Because the game is pitched perfectly for their cognitive development, I can introduce gameplay concepts and benchmarks without “overloading them”. During Isolation lessons I would discuss simple game concepts with my class like attacking and defending and then develop the benchmarks into them. For example attacking…what is it? How do we do it? Why is decision making important in attacking? The children are then able to apply their learning of these concepts/benchmarks into the game easily without being bogged down.


Once your pupils have mastered the basic game form the next step is Layering. In my experience, layering games for learning yields huge results with primary pupils.  When I feel certain pupils are comfortable with the introductory game I begin to layer it through different methods. These are listed below.

  • Rules (Primary & Secondary)
  • Team Size
  • Conditions
  • Court Size
  • Equipment Used

With regards to Isolation I began by adapting the rules for certain individuals. I may allow them to use three steps, for example, if they have possession of the ball. As rules are adapted and layered the game slowly starts to transform. You can even change the rules and conditions to focus on the development of certain concepts or benchmarks if required, really meeting the needs of your audience.   However there is only so much layering you can introduce with these basic game forms before a new game form needs to be introduced.

The new game form is usually more complex and dynamic than the previous one.

Next Steps

For the handball block, the next game form from Isolation would be “Partner Isolation.” It’s basically exactly the same game but pupils play in pairs.  The change from individual to partner work is a huge step forward as it brings in all sorts of new variables for pupils to master, for example passing and maintaining possession.  Since the rules are the same and the attacking and defending concepts are the same, pupils are able to focus and develop the skills required to play with a partner. Layers from the previous games are carried over, building on prior learning.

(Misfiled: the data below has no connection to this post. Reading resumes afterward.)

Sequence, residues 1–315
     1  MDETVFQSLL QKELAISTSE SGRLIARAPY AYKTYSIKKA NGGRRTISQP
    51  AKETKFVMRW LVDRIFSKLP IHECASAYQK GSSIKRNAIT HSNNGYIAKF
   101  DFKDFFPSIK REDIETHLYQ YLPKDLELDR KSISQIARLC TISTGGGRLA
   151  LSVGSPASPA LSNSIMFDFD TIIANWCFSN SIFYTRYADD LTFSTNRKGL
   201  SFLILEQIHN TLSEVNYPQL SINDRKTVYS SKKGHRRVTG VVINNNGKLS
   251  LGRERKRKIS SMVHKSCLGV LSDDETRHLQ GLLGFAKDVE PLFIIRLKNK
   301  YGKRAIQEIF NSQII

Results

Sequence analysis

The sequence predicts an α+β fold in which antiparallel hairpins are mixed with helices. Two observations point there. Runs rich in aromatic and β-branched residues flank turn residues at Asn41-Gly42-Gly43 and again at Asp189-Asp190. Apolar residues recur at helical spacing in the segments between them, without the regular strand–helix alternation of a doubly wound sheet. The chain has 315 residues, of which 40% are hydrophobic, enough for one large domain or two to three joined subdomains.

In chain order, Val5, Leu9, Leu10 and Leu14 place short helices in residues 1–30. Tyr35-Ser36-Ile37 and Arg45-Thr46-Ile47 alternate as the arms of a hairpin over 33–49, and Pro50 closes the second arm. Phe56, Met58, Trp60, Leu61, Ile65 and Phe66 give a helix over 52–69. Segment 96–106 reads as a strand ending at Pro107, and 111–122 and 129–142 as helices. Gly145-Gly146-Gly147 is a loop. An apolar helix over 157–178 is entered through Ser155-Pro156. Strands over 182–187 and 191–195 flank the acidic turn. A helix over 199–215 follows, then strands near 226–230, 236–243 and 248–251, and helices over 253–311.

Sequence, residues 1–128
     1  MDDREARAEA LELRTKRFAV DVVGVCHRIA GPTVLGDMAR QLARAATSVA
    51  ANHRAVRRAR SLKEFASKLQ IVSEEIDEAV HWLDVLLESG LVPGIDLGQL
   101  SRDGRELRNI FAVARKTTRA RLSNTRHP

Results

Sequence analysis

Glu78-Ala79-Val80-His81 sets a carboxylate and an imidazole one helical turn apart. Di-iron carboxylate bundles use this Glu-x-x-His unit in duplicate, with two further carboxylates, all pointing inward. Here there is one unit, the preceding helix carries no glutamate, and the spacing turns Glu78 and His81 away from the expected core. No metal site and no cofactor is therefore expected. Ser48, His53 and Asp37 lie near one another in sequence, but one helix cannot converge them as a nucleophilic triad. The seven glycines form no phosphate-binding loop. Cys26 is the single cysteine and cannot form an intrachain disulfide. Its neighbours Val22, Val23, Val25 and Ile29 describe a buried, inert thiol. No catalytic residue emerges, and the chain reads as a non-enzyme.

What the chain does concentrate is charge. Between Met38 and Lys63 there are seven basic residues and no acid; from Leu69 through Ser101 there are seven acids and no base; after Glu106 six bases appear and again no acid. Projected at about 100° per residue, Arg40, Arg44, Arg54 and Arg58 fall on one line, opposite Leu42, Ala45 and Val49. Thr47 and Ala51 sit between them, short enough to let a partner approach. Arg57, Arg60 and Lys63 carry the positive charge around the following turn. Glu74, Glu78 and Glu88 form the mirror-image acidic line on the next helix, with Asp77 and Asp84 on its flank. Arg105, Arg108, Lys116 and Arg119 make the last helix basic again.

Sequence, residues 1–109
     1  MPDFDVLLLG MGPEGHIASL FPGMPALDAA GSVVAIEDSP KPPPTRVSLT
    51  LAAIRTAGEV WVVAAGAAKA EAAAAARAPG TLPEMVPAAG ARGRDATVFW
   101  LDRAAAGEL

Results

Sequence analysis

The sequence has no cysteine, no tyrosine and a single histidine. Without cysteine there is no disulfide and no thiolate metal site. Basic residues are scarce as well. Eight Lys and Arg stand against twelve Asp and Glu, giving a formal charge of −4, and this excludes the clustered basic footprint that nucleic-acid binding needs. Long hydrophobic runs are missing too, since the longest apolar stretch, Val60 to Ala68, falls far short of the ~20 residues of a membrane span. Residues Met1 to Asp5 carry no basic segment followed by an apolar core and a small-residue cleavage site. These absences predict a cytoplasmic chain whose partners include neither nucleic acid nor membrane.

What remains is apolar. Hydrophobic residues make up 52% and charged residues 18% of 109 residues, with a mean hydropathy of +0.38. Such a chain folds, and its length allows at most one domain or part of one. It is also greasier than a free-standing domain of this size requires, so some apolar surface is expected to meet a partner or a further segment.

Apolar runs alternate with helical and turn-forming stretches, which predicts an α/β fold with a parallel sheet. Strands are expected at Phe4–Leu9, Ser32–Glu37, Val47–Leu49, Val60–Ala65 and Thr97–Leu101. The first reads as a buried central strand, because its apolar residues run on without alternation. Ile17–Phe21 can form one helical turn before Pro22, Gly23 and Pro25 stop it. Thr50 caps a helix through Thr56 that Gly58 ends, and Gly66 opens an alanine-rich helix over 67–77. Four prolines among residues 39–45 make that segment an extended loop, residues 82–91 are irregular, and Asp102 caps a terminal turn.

At the centre of all this are the E’s & O’s, Benchmarks and gameplay concepts. These three vital areas are constantly visited and applied through-out all stages of the process.  When the pupil’s performance is of a good standard, judged by you and using the P.E benchmarks as guidance, a new game form is then re-introduced and the cycle starts again.

Through effective layering and correct game form application, more complex sports such as football, basketball, handball etc can be taught effectively to pupils of a younger age. I have skills tested many of my younger pupils through this model and many of them have improved in a variety of different areas including problem solving and decision making.  If you can get into the mind-set of observing and then layering lessons to suit your pupils needs delivering team games for your pupils will be rewarding and motivating.

As part of the Primary PE Group, Cameron has helped to design The SATPE games cards which include information and guidance on some of the points mentioned in this article, and aim to develop gameplay in children of all different abilities and stages. The game forms selected have been tried and tested in many different schools with great success. Many of the games are also progressive, meaning, a pathway is already in place which you will be able to follow with your pupils step by step.  For further information, e-mail or you can find Cameron on Twitter: @MrStewart_PE